PM To Keep Up Adviser Appointments

Prime Minister Hun Sen on Thursday shot down a criticism of his recent appointments of new government advisers, declaring that he will appoint as many as he sees fit.

SRP lawmaker Son Chhay wrote to Hun Sen this week requesting a halt to the appointments, saying there were already too many advisers and accusing the government of acting illegally by giving such po­sitions to SRP and Funcinpec defectors who have joined the ruling CPP.

“This morning, one man wrote to the prime minister to stop appointing defectors to be government ad­visers,” Hun Sen said in a speech at a bridge inauguration ceremony in Kandal province.

“I would like to leave a message that those who defect, we will ap­point them all,” Hun Sen said.

“We need people, especially those who are from the opposition party, because they know the government’s weak points…. If a hundred people come, we will accept the hundred people [and] I have the right to appoint them to be government or prime minister advisers,” he said.

“[SRP] board of director members will be given government ad­viser [positions],” he added.

“It is not your money,” Hun Sen said in apparent reference to Son Chhay, adding “the government can spend the national budget.”

The prime minister also attack­ed his critic for asking too many questions of the government during this mandate.

“I do not have to reply in a written statement,” Hun Sen said, or­dering other officials to reply to the lawmaker instead.

Contacted by telephone Thurs­day, Son Chhay said that Hun Sen, by refusing to answer his letter, was violating lawmakers’ constitutional right to question and receive a re­sponse from the prime minister.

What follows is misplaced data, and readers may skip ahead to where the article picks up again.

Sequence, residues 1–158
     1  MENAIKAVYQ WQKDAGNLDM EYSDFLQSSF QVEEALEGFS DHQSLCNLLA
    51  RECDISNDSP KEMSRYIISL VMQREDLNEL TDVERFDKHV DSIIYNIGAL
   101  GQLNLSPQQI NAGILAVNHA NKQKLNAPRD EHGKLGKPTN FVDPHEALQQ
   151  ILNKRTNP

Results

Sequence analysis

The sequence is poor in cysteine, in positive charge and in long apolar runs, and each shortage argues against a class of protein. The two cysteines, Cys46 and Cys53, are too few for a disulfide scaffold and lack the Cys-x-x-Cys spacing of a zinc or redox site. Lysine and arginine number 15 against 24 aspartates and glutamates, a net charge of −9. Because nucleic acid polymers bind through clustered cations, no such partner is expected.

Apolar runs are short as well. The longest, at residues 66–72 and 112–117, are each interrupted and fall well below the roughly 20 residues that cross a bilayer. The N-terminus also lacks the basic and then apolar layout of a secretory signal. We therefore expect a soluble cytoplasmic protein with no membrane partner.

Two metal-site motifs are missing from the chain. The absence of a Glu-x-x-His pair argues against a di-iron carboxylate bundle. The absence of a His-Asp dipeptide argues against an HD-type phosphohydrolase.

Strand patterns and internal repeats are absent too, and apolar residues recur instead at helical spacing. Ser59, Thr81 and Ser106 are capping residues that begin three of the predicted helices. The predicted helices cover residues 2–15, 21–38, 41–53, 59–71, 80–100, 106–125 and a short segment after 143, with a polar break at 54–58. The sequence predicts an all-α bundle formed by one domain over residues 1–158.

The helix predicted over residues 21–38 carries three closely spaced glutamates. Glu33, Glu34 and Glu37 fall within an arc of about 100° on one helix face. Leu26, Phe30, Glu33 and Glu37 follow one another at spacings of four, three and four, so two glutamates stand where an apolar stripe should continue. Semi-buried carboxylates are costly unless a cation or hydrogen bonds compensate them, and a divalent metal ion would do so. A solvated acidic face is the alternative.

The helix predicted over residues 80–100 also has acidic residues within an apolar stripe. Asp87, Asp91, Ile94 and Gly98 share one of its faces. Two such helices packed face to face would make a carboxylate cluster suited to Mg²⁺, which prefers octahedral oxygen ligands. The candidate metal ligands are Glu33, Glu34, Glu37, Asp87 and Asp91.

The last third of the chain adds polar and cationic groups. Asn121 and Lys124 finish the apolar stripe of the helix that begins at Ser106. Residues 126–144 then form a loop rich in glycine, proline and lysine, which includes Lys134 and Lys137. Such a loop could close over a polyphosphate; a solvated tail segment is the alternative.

“The questions are not a joke,” Son Chhay said.

“We want the government to comply with the law, and these ap­pointments have abused the Con­stitution. The national budget law does not state that the prime minister can use the budget to make ap­pointments,” he said.

Under Article 96 of the Constitu­tion, lawmakers have the right to submit questions to the government. If the case concerns the overall policy of the government, the prime minister is required to be the one who answers.

Hun Sen also took the opportunity Thursday to announce that the government will study the possibility of raising the family al­lowances paid to civil servants. He also ex­pressed his support for well-known CTN news anchorman Soy Sopheap, who faces a defamation and disinformation suit filed by SRP Secretary-Gen­eral Eng Chhay Eang.

Hun Sen said the lawsuit was evidence that the SRP was moving away from democracy.

“You are the opposition party but you have already sued a journalist,” Hun Sen said. “And you claim that you are a democrat? You aren’t in power and you have done this—what happens if you are in power?”

Eng Chhay Eang said Thurs­day that he was standing by his lawsuit against Soy Sopheap, though he expressed despair for his case now that Hun Sen had spoken out against it.

“I want the law to give me justice,” said Eng Chhay Eang, who has accused Soy Sopheap of airing an unbalanced news story that contained allegations the SRP secretary-general continues to have a gambling problem.

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